Fans want to get back in the stands and watch their favorite sporting events, but how do they stay safe while doing so?

We get it. 

You want to pack into Allegiant stadium with 65,000 of your closest friends and cheer on The Raiders. You want that feeling of camaraderie as Derek Carr throws another touchdown downfield and takes the lead during the closing moments of the game. If nothing else, you want to return to the old normal and go back to enjoying sports the way they were intended. 

The problem with that thinking, however, is that due to the ongoing Covid-19 pandemic, we may never experience sports the same way again. 

In fact, according to a poll from Seton Hall sports, 72% of sports fans refuse to go to sporting events until a vaccine is made for Covid-19. The same poll found that 12% of fans would still attend sporting events live, but only if social distancing measures were implemented and there were sanitation areas throughout the venue. 

"The risk of transmission to the crowd is real," said Andrew Peterson, a professor and sports medicine specialist at the University of Iowa.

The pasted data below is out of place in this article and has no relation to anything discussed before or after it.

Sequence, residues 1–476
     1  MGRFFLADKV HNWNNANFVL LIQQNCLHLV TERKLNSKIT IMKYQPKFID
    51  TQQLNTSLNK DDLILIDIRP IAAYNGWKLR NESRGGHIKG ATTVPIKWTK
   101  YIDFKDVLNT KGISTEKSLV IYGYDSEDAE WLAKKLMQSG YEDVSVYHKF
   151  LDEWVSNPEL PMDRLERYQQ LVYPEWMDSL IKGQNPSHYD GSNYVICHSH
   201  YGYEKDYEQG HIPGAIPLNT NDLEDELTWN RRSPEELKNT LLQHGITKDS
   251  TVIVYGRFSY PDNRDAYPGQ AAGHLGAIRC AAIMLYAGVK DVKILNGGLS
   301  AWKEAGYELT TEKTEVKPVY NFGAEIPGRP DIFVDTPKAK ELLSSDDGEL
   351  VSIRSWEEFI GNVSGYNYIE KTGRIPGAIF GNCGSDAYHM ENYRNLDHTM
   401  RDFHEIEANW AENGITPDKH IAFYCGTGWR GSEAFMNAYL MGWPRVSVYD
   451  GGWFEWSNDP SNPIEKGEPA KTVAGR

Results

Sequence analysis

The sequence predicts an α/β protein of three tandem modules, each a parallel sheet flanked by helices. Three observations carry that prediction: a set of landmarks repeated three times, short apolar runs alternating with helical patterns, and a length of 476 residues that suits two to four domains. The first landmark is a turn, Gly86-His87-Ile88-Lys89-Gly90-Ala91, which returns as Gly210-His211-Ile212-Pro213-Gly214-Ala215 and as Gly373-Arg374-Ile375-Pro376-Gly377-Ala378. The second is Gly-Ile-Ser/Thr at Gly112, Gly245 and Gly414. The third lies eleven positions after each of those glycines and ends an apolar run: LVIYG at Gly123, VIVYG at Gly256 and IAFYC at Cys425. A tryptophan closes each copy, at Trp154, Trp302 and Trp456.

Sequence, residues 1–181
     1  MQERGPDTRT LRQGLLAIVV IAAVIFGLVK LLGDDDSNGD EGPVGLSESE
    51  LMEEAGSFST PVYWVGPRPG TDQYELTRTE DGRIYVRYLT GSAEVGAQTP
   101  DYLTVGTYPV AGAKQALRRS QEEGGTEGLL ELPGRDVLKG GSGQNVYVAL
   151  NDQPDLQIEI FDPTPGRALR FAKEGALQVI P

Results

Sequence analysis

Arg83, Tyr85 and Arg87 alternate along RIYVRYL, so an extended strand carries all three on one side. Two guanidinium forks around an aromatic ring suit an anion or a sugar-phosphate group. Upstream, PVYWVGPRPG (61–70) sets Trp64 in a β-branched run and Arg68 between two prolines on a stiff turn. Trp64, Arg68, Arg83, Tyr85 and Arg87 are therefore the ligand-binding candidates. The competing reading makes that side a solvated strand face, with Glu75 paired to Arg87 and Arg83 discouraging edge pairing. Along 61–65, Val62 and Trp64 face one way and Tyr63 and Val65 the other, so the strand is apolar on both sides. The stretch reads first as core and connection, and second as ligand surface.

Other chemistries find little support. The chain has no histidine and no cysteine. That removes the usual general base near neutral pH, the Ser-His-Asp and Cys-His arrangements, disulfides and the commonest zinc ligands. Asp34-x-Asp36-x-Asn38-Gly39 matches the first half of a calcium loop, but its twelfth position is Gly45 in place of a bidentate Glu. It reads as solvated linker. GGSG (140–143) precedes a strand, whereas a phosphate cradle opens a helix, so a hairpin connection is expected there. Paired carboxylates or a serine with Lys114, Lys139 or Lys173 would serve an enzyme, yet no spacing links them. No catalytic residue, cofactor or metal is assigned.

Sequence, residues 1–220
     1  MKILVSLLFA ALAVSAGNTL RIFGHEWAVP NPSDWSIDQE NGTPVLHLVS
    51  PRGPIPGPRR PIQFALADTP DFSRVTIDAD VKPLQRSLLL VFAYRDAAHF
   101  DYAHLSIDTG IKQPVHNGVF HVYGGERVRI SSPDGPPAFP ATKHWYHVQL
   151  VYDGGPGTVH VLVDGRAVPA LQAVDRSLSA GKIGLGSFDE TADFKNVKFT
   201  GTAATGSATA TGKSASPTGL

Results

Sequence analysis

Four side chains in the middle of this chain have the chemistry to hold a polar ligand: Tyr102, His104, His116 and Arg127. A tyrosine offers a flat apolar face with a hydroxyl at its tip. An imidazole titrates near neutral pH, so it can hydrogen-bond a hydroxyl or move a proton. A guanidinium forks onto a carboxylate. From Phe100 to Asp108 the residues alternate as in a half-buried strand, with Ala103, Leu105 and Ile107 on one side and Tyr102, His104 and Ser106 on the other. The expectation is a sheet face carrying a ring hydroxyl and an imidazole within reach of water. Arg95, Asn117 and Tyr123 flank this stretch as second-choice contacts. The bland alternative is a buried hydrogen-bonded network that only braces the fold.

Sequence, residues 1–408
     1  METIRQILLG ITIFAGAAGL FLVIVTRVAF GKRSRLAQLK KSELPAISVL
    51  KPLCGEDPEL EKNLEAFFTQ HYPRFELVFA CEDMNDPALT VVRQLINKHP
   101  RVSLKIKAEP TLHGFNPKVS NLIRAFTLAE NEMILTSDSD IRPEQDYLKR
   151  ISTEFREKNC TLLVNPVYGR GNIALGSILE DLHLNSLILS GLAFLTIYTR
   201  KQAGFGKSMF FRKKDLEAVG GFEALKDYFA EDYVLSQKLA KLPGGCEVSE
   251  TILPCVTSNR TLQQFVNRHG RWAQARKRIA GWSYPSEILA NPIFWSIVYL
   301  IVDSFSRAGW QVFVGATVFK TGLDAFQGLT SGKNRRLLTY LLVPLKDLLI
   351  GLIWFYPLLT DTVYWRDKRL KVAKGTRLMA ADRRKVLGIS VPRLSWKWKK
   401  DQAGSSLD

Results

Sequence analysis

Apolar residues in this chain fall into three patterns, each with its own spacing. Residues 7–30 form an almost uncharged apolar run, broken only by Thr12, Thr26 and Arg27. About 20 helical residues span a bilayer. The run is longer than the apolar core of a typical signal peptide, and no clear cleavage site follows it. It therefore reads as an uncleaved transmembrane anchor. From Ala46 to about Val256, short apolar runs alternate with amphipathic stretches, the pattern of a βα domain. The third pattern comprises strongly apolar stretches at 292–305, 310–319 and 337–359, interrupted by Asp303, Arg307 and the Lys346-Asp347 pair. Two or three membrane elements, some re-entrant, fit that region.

With Mr. Peterson's statement in mind, it's obvious that the first step to ensuring that you can safely attend a sporting event is social distancing. This could mean several empty seats between fans or groups of fans as well as mandatory masks.

Clothing is another subject that needs to be discussed, and while it is perfectly fine to wear your favorite jersey, shirt, or anything else, make sure to pack protective clothing as well. This could be anything from sweatpants, a jacket, a hoodie. Just something that is going to cover up your skin and lower your risk of infection when you get into the stands. 

Finally, let's get to the hard parts. The parts that are going to make fans feel uncomfortable and get them to question whether this is worth it or not. The first thing fans are going to have to get used to is temperature checks at the door. These will be to ensure that the person is not displaying symptoms of the virus and is safe to be around others. 

And now for the grand finale. The things that will make it feel less like a sporting event and more like a night at the opera- social interactions will have to be limited, and touching will most likely be frowned upon. 

So yeah, no high fives, chest bumps, crazy scenes to get someone to miss a free throw, celebrating with a player in the endzone, or even kiss cam for that matter. 

Sure, the players will still be out there, the crowd will be roaring like a hurricane, and the concession stands might even still have food, but it's not going to be the same. The question, however, is whether fans can deal with that or not?  

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